I want to have a Class object, but I want to force whatever class it represents to extend class A and implement interface B.

I can do:

Class<? extends ClassA>

Or:

Class<? extends InterfaceB>

but I can't do both. Is there a way to do this?

up vote 527 down vote accepted

Actually, you can do what you want. If you want to provide multiple interfaces or a class plus interfaces, you have to have your wildcard look something like this:

<T extends ClassA & InterfaceB>

See the Generics Tutorial at sun.com, specifically the Bounded Type Parameters section, at the bottom of the page. You can actually list more than one interface if you wish, using & InterfaceName for each one that you need.

This can get arbitrarily complicated. To demonstrate, see the JavaDoc declaration of Collections#max, which (wrapped onto two lines) is:

public static <T extends Object & Comparable<? super T>> T
                                           max(Collection<? extends T> coll)

why so complicated? As said in the Java Generics FAQ: To preserve binary compatibility.

It looks like this doesn't work for variable declaration, but it does work when putting a generic boundary on a class. Thus, to do what you want, you may have to jump through a few hoops. But you can do it. You can do something like this, putting a generic boundary on your class and then:

class classB { }
interface interfaceC { }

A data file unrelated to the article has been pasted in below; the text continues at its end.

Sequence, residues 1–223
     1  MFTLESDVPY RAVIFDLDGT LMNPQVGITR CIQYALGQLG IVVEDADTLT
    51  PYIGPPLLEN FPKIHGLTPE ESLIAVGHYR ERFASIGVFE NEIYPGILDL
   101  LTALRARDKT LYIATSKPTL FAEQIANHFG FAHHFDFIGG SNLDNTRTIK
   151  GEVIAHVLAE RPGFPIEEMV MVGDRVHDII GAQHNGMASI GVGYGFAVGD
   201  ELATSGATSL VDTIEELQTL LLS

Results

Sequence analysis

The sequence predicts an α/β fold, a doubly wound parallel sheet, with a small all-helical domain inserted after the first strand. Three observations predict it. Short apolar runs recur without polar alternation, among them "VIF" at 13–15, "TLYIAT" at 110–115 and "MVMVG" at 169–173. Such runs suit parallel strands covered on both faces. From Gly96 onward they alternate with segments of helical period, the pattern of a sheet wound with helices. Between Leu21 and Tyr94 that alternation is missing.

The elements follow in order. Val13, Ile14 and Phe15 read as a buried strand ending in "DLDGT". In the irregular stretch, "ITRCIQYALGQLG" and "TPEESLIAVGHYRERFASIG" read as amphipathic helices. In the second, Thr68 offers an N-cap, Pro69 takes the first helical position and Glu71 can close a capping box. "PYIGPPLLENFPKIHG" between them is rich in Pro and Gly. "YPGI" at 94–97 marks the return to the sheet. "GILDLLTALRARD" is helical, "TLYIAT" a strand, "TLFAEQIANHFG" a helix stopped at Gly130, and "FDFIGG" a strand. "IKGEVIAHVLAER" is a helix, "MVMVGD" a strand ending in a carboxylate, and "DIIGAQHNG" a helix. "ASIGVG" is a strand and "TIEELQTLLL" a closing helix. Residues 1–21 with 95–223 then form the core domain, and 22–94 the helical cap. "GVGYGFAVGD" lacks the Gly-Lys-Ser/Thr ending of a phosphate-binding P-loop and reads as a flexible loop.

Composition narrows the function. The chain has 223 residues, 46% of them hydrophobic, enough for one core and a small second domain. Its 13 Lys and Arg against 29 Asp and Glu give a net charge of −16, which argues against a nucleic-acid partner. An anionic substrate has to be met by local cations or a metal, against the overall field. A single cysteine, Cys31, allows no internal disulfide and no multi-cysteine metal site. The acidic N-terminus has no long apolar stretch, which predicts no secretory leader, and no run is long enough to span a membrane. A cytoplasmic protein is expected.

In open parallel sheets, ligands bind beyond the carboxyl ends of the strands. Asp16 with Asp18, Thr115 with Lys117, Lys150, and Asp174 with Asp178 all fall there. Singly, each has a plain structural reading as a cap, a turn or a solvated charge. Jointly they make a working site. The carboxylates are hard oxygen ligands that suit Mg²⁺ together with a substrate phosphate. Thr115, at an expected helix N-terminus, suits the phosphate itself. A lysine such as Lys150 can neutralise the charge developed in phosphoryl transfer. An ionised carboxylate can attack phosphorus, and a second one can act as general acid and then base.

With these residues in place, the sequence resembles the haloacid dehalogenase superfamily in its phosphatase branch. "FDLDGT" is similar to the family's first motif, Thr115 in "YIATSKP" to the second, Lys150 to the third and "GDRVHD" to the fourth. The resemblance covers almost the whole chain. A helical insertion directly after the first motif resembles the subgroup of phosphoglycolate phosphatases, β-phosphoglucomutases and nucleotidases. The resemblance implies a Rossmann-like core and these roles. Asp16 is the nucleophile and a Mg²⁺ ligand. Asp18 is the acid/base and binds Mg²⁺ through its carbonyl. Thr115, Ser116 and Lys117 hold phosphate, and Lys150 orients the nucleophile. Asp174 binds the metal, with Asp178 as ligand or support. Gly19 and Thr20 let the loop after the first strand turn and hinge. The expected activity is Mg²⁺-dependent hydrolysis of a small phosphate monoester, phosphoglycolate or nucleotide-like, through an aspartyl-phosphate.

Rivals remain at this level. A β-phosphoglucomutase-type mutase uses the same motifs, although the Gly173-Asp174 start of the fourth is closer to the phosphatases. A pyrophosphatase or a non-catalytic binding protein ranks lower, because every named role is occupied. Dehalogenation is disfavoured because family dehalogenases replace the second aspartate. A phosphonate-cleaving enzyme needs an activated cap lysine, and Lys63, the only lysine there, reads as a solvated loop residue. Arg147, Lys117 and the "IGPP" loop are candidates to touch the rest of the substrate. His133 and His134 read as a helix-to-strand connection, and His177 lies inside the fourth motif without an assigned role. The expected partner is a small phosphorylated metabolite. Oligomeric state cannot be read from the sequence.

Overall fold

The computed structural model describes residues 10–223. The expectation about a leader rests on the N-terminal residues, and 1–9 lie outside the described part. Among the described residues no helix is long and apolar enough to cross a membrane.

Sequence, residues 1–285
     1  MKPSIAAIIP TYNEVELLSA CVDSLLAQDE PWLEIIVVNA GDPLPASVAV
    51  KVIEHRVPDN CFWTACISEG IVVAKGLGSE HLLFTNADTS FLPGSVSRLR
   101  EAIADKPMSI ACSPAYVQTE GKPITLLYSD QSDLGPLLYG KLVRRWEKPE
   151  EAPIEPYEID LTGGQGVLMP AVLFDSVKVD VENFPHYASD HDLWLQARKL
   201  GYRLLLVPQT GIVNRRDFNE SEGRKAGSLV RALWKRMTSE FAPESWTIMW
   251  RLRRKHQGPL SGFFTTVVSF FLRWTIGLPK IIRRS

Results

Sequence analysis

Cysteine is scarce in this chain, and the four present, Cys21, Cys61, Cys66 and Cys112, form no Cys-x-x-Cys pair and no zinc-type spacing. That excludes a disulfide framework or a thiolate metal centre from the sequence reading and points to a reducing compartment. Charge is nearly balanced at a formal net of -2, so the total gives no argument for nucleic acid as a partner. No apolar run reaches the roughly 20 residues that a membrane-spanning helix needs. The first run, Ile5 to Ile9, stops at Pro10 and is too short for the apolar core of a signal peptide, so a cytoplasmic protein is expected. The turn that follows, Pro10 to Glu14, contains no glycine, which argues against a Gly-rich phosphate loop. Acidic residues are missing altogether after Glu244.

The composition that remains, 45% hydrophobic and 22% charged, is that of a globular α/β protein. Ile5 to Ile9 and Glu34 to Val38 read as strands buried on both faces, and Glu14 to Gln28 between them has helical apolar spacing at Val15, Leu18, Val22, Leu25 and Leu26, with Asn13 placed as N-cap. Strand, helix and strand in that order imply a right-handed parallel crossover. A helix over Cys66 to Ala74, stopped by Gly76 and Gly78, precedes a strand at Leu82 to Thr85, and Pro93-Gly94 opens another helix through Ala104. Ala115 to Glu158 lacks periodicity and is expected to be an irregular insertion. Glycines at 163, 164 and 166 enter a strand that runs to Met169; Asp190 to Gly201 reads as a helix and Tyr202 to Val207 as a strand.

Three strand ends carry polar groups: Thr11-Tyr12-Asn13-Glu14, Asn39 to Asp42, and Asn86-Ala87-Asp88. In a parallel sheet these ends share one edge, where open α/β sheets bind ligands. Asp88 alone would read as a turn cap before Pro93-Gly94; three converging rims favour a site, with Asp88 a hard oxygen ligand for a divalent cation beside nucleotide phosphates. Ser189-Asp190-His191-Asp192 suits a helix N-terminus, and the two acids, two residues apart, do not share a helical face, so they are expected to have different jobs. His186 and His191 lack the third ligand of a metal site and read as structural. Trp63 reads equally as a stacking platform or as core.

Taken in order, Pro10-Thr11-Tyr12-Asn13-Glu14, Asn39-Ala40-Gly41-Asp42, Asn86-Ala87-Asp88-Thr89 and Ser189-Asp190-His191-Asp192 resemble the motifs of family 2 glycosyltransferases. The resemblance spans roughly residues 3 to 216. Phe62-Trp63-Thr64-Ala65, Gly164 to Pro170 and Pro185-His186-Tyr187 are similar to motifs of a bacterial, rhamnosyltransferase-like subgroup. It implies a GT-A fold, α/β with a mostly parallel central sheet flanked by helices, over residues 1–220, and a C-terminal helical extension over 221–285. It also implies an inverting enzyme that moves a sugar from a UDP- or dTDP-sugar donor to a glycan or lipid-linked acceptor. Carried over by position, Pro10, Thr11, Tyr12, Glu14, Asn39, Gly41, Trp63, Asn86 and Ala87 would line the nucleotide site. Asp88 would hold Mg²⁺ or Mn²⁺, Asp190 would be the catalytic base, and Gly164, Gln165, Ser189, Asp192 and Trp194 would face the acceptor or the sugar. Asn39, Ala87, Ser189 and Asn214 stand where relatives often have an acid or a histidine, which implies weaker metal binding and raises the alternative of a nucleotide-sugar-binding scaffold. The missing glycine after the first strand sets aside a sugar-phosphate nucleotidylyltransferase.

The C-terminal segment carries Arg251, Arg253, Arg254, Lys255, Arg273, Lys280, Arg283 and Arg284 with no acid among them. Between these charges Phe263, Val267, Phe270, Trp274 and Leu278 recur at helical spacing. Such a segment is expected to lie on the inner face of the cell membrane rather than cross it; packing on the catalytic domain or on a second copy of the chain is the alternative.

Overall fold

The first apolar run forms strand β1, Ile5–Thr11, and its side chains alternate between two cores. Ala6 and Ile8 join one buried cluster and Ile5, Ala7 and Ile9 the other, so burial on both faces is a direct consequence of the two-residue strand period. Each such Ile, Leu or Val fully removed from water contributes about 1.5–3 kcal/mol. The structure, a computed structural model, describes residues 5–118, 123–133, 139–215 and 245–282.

public class MyClass<T extends classB & interfaceC> {
    Class<T> variable;
}

to get variable that has the restriction that you want. For more information and examples, check out page 3 of Generics in Java 5.0. Note, in <T extends B & C>, the class name must come first, and interfaces follow. And of course you can only list a single class.

  • 83
    This is helpful. It's worth mentioning that the class must come first, you cannot say '<T extends InterfaceB & ClassA>'. – EricS Feb 28 '12 at 21:55
  • 3
    How do you do the same for T should either extend a class OR implement an interface? – Ragunath Jawahar Nov 12 '13 at 3:23
  • 1
    @RagunathJawahar: You cannot get too open-ended about this. You have to have some boundaries, and one of them is knowing in advance where you'll have interfaces and where you'll have classes, and how you'll use inheritance. You pretty much have to know for a type parameter if it will be a class or an interface. – Eddie Nov 22 '13 at 23:42
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    The first line of your answer says to "have your wildcard look something like this." There is no ? in that expression, so is it really a "wildcard"? I ask because I can't get the whole "extending two things at once" concept to work when the type parameter really is a wildcard. – The111 Jan 11 '15 at 8:29
  • 1
    Yeah, it's not really a wildcard and you can't do what the OP asked for with a wildcard. You can do what the OP wanted, effectively, just not with a wildcard. – Eddie Apr 16 '15 at 23:48

You can't do it with "anonymous" type parameters (ie, wildcards that use ?), but you can do it with "named" type parameters. Simply declare the type parameter at method or class level.

import java.util.List;
interface A{}
interface B{}
public class Test<E extends B & A, T extends List<E>> {
    T t;
}
  • Why aren't wildcards allowed? i.e. I don't see why this shouldn't be valid: ArrayList<? extends ClassA & InterfaceB> list; And then if you pulled an element out of the list, you could assign it to a variable of type ClassA or of type InterfaceB – Mark Apr 10 '17 at 22:27
  • Replacing the wildcard with a variable is a great technique! But it doesn't always work. For example, Java does not allow names type variables in annotation value types, while it does allow wildcards. – sigpwned Jul 22 '17 at 13:18

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